If you’re a parent, it’s a good bet you’ve said it: “Get outside and play, already!” But let’s be honest. It’s not just the kids who could use a little fresh air.
Good thing Minnesota’s full of fun, family-style outdoor opportunities for all styles and skill levels, from river paddling to cave exploring to techno treasure hunting. Go ahead. Pick an activity. Then take your own advice, and get out and play—together.
Ride a Bike
Minnesotans love biking, and it shows in our bike trail system. We’ve got somewhere in the neighborhood of 4,000 paved trail miles sprinkled throughout the state. Plus, we lead the country in converting old railroad beds into paved bike trails, which are great for all ages, as they tend to be flat.
Among the many family-friendly rails-to-trails projects worth checking out are the Central Lakes State Trail near Alexandria and the Paul Bunyan State Trail near Brainerd (at 112 continuous paved miles, it’s one of the longest in the country). Another standout: the Root River State Trail, one of the state’s first rails-to-trails success stories, connecting a chain of adorable small towns in southeastern Minnesota near Lanesboro. “It was easy. Very flat, with no hills to go up,” reports Jeremy Ricker, age 7, of Minneapolis, who biked the trail with his dad, Dave, last year.“I liked the bridges and stopping to take breaks by the river.”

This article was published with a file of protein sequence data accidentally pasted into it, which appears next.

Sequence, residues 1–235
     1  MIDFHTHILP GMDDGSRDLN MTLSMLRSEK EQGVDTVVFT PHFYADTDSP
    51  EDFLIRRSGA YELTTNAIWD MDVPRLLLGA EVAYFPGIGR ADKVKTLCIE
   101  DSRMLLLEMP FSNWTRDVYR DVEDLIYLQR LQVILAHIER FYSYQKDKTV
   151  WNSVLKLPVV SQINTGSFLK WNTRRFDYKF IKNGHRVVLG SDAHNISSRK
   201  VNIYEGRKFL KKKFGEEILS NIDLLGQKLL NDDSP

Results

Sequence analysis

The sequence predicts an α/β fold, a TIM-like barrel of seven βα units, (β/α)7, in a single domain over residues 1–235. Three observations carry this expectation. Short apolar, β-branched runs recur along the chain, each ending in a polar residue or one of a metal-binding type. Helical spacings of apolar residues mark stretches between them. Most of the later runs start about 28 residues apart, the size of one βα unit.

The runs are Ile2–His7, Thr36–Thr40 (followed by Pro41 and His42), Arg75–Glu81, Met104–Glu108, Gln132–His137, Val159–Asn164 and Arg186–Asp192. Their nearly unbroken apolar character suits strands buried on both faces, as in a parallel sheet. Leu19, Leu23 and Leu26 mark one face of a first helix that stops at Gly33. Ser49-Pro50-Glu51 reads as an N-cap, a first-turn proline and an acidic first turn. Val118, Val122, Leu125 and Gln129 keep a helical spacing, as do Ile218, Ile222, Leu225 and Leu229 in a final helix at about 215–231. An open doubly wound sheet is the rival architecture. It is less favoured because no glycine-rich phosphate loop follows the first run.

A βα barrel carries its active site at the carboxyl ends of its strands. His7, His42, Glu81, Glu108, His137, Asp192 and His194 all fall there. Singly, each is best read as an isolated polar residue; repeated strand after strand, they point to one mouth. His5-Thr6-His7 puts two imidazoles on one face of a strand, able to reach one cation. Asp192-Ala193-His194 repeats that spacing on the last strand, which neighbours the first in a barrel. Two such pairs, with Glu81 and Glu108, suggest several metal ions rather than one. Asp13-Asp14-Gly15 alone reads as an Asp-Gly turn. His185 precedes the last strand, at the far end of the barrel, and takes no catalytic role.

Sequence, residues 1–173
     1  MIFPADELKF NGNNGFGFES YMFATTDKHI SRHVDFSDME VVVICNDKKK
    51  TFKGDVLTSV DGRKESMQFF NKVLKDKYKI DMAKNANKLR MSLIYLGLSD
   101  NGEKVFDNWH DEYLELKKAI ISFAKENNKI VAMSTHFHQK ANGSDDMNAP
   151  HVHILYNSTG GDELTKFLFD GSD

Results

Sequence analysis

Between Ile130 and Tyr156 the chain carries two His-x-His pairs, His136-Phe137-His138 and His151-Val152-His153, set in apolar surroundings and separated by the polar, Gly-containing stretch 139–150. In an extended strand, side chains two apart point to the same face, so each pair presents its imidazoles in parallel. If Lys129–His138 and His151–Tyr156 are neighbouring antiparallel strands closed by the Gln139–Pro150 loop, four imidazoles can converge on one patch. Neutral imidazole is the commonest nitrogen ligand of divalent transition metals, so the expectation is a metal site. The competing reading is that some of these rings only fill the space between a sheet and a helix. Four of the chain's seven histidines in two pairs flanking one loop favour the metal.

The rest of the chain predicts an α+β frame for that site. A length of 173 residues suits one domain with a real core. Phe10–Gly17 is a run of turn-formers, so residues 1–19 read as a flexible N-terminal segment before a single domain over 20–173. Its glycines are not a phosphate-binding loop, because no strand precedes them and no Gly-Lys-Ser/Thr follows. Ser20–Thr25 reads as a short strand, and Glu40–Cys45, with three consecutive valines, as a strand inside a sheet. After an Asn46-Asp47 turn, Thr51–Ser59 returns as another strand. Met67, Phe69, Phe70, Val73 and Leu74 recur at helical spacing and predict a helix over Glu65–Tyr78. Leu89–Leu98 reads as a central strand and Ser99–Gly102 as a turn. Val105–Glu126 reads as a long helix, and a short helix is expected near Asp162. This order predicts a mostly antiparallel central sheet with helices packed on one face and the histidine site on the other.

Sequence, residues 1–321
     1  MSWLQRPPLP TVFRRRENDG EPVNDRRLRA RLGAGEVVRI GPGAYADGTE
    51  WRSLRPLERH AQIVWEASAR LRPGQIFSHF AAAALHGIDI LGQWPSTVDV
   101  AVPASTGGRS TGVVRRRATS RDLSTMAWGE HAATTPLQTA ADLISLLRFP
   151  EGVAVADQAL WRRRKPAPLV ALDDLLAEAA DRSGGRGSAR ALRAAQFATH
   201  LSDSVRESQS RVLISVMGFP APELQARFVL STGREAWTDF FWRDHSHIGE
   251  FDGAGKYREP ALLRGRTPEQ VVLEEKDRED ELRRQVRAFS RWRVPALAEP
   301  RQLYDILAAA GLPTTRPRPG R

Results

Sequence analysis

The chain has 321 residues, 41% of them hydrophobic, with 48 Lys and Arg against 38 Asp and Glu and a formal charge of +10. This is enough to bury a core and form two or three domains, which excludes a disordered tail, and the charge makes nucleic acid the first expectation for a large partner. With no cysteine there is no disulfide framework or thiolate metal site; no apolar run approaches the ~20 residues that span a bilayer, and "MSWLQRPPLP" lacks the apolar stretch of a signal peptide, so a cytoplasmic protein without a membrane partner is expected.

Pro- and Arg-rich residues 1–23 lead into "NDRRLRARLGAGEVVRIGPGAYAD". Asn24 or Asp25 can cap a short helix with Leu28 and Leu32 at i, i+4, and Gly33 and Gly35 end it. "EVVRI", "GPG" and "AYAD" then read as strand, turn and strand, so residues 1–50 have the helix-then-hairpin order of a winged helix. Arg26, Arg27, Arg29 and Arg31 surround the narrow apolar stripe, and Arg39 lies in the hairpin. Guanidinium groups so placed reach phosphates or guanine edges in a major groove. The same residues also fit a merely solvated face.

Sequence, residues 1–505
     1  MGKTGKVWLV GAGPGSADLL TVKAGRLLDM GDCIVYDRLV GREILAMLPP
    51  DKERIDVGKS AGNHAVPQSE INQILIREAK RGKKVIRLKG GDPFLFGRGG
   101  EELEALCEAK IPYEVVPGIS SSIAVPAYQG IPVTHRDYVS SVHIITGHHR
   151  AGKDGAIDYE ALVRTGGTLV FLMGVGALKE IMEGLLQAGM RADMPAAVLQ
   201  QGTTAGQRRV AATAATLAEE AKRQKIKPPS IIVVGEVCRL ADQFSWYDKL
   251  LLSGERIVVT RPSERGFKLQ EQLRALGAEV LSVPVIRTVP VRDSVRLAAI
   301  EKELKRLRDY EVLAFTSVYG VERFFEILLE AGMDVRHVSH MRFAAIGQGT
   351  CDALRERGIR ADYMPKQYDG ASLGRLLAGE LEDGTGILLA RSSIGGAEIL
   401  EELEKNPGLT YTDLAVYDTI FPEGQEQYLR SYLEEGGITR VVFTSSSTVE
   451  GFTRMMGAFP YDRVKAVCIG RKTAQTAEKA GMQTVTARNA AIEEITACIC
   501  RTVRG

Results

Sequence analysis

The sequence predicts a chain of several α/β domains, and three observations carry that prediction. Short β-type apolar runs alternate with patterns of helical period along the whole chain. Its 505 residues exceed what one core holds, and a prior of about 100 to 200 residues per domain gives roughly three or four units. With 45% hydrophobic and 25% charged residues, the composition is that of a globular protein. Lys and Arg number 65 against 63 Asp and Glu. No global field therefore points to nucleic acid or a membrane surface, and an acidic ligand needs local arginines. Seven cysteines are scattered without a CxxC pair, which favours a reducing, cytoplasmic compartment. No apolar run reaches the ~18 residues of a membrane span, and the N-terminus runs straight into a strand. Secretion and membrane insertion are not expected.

Tour a Cave
Just how cool are southeastern Minnesota’s tourable caves—Niagara Cave, near Harmony, and Mystery Cave, near Preston? A chill 48 degrees, even mid-summer. A few other things you can count on here: fossil-spotting, marveling at water features and learning, first-hand, the difference between stalagmites and stalactites during guided tours.
The Packer family of Inver Grove Heights has hit both underground wonderlands in the last couple of years and found plenty of surprising discoveries. “At Mystery Cave, there was this small lake, and the water was blue and you could see the bottom,” says 12-year-old Monique, who explored with her younger brothers, Wyatt and Cody. “I didn’t expect it to be so clear.”
Visit a Farm
Classic red-and-white barns, cows grazing in wide-open pastures, tidy crop rows leading off into the horizon—all are familiar sights here in the heartland. Plenty of our family farms welcome curious visitors with a range of opportunities.